Access to electricity remains a big challenge in most parts of the developing world. In the South African city of Cape Town social entrepreneur Vijay Mitha saw the potential of pedal power generators and is setting up small business units that can be operated by people from the communities his company Shakti Energy is targeting. We contacted Vijay to learn more about his venture.
“Shakti Energy is a social enterprise providing energy solutions for people living in informal settlements and rural areas that do not have access to electricity and are reliant on using kerosene and candles for illumination.
Our aim is to establish micro-entrepreneurs to operate recharging stations to recharge LED powered lights and mobile phones using human pedal power via a pedal powered generator. This will enable people at the Base of the Pyramid to have a means to have a sustainable income and offer their communities a safer, more efficient and cheaper form of lighting and mobile phone recharging. We aim to empower local communities to help themselves and become self-sustaining.”
Why did the company start and what phase are you currently in?
“I started the company as I was deeply concerned when reading in the local newspaper that children had died in a shack fire due to a candle falling over at night. This is a regular occurrence all over South Africa and is most distressing. While the majority of us enjoy electricity and lighting from the convenience of a wall switch, many people living at the Base of the Pyramid are not as fortunate. These communities are reliant on using kerosene and candles for illumination and these are highly dangerous and environmentally unfriendly fuel sources.
We are currently busy implementing a pilot project in Cape Town, South Africa in a local off-grid community to demonstrate our solution which is provided by Nuru Energy, of using a pedal powered generator and LED lights that last for 20 hours at a time and can be recharged after 20 minutes of pedaling.
We are looking at setting up business units that are run by four entrepreneurs who will earn a sustainable income from providing a recharging service to their community who do not have electricity. We are focusing on renewable energy since this is something that I am passionate about – especially in South Africa and Africa, we have so many natural resources, we should be using it to benefit communities that are in dire need of solutions.
We are currently working in the Cape Town areas of Khayelitsha, Gugulethu, Sweet Home Farm, Malawi Camp and Philippi, interviewing potential entrepreneurs, performing site assessments and talking to the local people.”
What are your main achievements so far?
“We have taken part in various exhibitions to showcase the technology and solutions that we are able to offer people living at the Base of the Pyramid, such as the ‘Better Living Challenge’ held recently in Cape Town. We also recently won the Deloitte Challenge hosted by Stellenbosch University in the social entrepreneurship category. And we are a recognised World Design Capital Cape Town 2014 project and we were a finalist in the PWC Vision to Reality competition.
In terms of new markets, we are actively working with numerous NGO’s to take our work to other areas of South Africa where this type of solution is required, especially the Eastern Cape and KwaZulu Natal provinces.”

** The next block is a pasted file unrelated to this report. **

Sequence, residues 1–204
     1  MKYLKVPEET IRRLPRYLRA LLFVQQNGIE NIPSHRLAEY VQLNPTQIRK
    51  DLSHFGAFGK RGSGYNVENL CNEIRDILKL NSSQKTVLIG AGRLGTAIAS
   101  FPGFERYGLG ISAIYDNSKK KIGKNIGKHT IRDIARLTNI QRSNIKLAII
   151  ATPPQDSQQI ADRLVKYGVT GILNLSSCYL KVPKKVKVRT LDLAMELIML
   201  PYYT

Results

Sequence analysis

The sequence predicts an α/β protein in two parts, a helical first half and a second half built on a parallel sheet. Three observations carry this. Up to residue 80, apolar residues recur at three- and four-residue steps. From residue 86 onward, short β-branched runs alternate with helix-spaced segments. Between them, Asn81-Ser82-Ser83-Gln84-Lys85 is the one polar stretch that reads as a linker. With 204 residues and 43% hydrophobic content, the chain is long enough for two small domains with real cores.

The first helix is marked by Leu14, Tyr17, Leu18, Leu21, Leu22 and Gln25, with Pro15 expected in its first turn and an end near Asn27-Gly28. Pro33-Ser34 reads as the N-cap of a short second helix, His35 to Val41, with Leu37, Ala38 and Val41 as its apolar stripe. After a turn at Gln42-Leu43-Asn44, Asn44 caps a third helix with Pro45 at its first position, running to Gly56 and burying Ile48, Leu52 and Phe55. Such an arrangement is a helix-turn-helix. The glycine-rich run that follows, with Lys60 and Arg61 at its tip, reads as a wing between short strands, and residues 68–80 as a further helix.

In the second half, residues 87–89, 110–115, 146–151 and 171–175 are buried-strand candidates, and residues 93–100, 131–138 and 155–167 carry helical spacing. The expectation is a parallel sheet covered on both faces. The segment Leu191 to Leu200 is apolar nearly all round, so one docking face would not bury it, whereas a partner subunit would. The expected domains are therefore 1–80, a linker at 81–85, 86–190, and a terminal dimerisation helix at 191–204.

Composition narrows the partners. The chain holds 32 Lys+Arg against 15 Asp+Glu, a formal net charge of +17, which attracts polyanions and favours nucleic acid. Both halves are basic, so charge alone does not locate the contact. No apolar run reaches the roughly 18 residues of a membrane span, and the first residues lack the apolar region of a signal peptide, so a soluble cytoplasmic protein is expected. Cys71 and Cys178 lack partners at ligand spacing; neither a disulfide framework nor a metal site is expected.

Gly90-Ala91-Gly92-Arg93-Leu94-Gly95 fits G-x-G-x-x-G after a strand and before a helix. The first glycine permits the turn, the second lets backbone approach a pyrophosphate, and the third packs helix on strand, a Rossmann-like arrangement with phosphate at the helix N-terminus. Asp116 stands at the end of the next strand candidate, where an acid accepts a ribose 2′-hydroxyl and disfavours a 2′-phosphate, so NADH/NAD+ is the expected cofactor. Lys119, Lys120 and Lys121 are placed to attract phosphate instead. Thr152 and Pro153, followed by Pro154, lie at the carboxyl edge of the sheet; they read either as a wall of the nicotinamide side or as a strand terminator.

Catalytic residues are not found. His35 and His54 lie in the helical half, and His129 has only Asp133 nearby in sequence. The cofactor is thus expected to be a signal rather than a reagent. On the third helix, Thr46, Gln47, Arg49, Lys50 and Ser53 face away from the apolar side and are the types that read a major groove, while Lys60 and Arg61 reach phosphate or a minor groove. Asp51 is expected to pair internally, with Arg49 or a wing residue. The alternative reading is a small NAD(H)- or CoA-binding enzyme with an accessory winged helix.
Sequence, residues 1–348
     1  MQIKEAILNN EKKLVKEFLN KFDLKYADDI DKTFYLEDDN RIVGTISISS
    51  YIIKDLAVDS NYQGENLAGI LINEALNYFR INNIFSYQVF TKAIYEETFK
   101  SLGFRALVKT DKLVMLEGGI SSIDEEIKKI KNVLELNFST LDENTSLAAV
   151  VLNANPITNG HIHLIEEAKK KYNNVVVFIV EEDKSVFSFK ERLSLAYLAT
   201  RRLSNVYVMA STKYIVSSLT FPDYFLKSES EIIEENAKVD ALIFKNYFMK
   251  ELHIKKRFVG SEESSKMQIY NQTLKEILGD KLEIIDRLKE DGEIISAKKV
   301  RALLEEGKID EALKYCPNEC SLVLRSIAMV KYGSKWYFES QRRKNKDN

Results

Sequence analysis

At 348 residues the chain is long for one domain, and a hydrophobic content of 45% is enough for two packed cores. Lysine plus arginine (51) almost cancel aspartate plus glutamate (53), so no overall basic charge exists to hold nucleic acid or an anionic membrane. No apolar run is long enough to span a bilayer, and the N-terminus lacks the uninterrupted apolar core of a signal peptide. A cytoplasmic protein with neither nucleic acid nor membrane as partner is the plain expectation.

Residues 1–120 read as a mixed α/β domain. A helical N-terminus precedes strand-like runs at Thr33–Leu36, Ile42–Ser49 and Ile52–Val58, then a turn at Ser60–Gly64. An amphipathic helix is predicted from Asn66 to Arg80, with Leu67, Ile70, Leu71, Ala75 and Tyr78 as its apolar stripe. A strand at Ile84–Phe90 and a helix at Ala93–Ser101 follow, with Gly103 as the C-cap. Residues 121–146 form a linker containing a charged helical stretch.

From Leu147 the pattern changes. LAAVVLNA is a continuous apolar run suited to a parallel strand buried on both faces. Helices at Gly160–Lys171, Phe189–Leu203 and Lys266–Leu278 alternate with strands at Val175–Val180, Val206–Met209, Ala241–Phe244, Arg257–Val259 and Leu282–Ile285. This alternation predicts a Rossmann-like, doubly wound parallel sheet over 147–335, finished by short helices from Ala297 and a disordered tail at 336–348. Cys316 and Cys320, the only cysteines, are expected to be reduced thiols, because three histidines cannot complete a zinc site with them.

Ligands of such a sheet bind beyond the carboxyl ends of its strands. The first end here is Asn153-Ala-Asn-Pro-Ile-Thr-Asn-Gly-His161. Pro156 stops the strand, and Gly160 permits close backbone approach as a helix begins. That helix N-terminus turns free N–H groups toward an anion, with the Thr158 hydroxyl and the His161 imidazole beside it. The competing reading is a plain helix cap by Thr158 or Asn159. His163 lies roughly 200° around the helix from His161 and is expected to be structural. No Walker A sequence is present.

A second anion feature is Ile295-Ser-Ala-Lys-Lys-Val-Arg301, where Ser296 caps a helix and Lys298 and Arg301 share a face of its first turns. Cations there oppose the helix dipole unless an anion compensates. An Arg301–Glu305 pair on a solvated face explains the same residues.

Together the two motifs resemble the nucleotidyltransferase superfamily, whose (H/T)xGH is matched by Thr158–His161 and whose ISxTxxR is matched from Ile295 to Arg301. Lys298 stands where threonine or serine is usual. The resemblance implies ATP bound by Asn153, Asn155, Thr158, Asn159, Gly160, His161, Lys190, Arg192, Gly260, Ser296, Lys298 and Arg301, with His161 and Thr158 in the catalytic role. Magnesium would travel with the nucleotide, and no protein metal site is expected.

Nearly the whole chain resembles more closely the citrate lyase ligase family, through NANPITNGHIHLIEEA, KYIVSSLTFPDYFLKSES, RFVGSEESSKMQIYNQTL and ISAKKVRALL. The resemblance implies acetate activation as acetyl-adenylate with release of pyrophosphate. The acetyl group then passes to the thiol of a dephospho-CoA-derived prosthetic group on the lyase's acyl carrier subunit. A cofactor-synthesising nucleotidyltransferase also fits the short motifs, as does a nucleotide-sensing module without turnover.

What are your main challenges of operating in the market where you are active? And how do you see the IBA community playing a role to support you?
“Our main challenge is finding good entrepreneurs in the local communities that we work in. The questions we ask are: Is the person well known and does the community trust him or her? Is the person entrepreneurial? Many times we find that people are interested, but they need to show a level of commitment to be involved in this type of enterprise. We are therefore working closely with community leaders to find the most suitable entrepreneurs moving forward.
As said earlier, we actively engage four people per micro-franchise – two women and two men. The women deal with sales, finance and end user education and support. The men operate the pedal powered generator and also provide support.
I see the IBA community acting in a supportive role to introduce us to potential funders as well as to introduce us to communities and entrepreneurs that would require our type of solution in other parts of Africa. We also look to learn from the experiences of others working at the Base of the Pyramid as well as providing input of our experience to assist others.”
What is the main lesson you can share with the IBA community about doing business with the Base of the Pyramid?
“The main lesson is that one has to be patient since things take time when working at the BoP. One has to persevere, and be able to adapt to changing circumstances. One must also be respectful of local cultures and customs and work within the existing structures of community leaders where these are present. Affordability is one of the major factors we’ve encountered, and your solution should provide a recurring income if possible since this is how we will empower local communities to become self sufficient.”
What are your plans for the future?
Our plan is to have over 400 entrepreneurs established all over South Africa and later into other regions in Africa. Our main focus is to make people in the BoP become self-sufficient and be able to generate their own income in a sustainable manner. We want our entrepreneurs to grow and become successful. We are looking forward to a day when a child in a remote village without electricity can use a tablet or mobile phone to browse the Internet which was recharged using human pedal power!”
Visit the venture profile of Shakti Energy.